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Lessons from Charlottesville

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Psychology of Hate: Why Teens Join Hate Groups and How Parents Can Prevent It

The psychology of hate is an important topic that has been dramatized lately. The tragic events in Charlottesville, Virginia, on August 12 offer many difficult lessons for this country. Therefore, we must face the hard truth that racism and white supremacism are not dead.

Furthermore, we must look closely at what drives young people to join hate groups. What are they looking for? How do they go so far astray? And how can we help them to change course?

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Hate Groups Are on the Rise

First, let’s look at statistics around extremist groups. The following numbers come from the Southern Poverty Law Center’s 2016 Intelligence Report.

  • The number of hate groups operating in the United States rose from 892 in 2015 to 917 in 2016.
  • Anti-Muslim hate groups rose from 34 in 2015 to 101 last year—a 197 percent increase.
  • Neo-Confederate groups rose by 23 percent, from 35 to 43 groups.
  • Ku Klux Klan chapters went from 72 in 2014, to 190 in 2015, to 130 in 2016.

Moreover, many hate group members are young. 19 is the most common age when people join the online hate site, according to the New York Times. Additionally, four times more 19-year-olds sign up on the site than 40-year-olds. While more teens, in general, use the internet than older adults, this is still a disproportionate number. Teens and young people are often more vulnerable to hate groups.

What Lies Beneath the Psychology of Hate

What do members of extremist groups have in common? Psychologist Edward Dunbar, PhD, of the University of California, studied the motivation of people who commit hate crimes and join white supremacy groups. He examined the incentive, childhood histories, and mental health of 550 perpetrators.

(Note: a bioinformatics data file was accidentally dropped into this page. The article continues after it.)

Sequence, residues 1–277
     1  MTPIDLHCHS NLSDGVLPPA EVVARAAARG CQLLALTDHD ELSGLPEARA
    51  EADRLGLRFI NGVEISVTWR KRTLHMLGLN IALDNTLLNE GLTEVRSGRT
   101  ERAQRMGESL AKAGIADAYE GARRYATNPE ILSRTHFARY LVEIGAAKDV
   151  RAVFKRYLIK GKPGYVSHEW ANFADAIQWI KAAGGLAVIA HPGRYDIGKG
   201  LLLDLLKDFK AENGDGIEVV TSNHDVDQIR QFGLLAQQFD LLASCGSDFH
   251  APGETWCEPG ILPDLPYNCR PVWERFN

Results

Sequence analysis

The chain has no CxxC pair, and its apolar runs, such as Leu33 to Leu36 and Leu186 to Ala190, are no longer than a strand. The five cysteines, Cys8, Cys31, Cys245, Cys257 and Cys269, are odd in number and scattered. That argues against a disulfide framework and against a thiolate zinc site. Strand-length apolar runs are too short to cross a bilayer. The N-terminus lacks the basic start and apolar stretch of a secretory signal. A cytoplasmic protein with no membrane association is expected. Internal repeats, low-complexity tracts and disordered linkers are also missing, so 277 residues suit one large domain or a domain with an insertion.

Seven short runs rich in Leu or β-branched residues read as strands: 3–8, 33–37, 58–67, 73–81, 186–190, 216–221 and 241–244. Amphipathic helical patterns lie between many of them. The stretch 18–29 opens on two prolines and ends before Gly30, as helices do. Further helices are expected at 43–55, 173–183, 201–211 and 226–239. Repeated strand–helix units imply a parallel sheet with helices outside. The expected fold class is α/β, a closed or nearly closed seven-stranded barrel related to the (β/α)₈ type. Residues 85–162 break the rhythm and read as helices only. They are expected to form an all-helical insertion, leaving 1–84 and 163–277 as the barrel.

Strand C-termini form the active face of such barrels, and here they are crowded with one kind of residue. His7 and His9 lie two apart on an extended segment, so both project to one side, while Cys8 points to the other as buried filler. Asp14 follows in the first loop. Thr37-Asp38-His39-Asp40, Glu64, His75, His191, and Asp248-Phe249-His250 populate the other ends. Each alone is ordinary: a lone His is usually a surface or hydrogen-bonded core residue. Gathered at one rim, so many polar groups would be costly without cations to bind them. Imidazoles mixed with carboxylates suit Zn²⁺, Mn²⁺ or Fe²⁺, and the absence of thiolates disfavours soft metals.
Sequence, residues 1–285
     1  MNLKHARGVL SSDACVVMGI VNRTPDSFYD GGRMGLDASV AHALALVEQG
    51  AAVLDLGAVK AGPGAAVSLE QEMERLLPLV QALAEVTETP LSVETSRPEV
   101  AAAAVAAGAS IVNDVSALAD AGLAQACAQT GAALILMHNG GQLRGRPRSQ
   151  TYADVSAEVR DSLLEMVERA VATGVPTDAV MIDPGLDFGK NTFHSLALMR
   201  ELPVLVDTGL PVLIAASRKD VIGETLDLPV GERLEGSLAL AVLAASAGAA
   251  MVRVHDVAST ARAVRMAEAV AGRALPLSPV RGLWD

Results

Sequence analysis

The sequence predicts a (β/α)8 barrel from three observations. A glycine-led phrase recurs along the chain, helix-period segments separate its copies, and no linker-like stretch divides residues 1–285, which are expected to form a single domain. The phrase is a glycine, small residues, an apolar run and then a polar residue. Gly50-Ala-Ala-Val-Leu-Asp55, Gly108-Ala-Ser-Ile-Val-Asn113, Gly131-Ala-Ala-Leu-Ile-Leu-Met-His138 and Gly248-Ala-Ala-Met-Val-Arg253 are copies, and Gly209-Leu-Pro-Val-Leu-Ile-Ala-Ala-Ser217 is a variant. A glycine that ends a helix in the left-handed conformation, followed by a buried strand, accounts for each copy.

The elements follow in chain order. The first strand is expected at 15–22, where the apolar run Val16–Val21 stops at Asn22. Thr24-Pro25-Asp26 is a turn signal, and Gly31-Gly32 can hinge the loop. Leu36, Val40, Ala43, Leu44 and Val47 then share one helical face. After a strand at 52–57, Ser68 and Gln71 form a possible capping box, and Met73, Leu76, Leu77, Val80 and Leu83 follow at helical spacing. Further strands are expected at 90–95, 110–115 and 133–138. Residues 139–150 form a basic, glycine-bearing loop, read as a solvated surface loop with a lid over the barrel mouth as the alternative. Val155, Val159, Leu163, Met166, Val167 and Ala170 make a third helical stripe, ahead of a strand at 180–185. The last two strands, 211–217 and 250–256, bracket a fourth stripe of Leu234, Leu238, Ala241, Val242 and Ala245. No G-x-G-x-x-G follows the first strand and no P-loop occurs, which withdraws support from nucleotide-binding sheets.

Those who commit hate crimes do not usually suffer from schizophrenia or bipolar disorder, Dunbar found. However, they do have high levels of aggression and antisocial behavior. Moreover, Dunbar noted that these offenders often experienced abuse and violence as children.

Sociologist Pete Simi also studied why people join hate groups. In fact, he conducted 17 years of fieldwork with radical-right extremists. In addition, according to Simi, hate group members had often experienced family disruption. This disruption was typically caused by one or more of the following events:

  • Divorce
  • Childhood abandonment by parents
  • A parent becoming incarcerated
  • Substance abuse by one or both parents.

Consequently, the children experienced abandonment issues and trauma. Abandonment in childhood can lead to many mental health challenges in the teen and adult years.

Read “How to Recognize and Heal Teen Attachment Disorder.”

Newport Academy Mental Health Reources Emotions Psychology of Hate Groups Teen Causes

The Effects of Childhood Abandonment

Physical or emotional abandonment in childhood can lead to teen attachment disorder. According to Newport Academy’s Director of Program Development, Heather Senior Monroe, MSW, LCSW, attachment wounds are created when a child’s core needs are inconsistently met or neglected by the caretaker. These core needs include the following:

  • Safety
  • Nourishment
  • Acceptance
  • Compassion
  • Love.

When any of these needs are not filled, the result can be a lack of self-worth and self-esteem. Consequently, it is difficult to form a healthy sense of self and identity.

To manage the pain caused by attachment wounds and fear of abandonment, teens sometimes turn to self-destructive behaviors. These might include substance use, eating disorders, and cutting.

The psychology of hate is nuanced. And it is often related to a desire to belong. Some teens turn to hate groups as a way to feel a sense of purpose and identity.

Why People Join Hate Groups

Research done by the FBI shows that people often join white supremacy groups because they are trying to fill a deep personal need.

Teens might be drawn to a hate group to fill one or more of these personal needs:

  • Power: They want to be in control of something
  • Achievement: They want to accomplish goals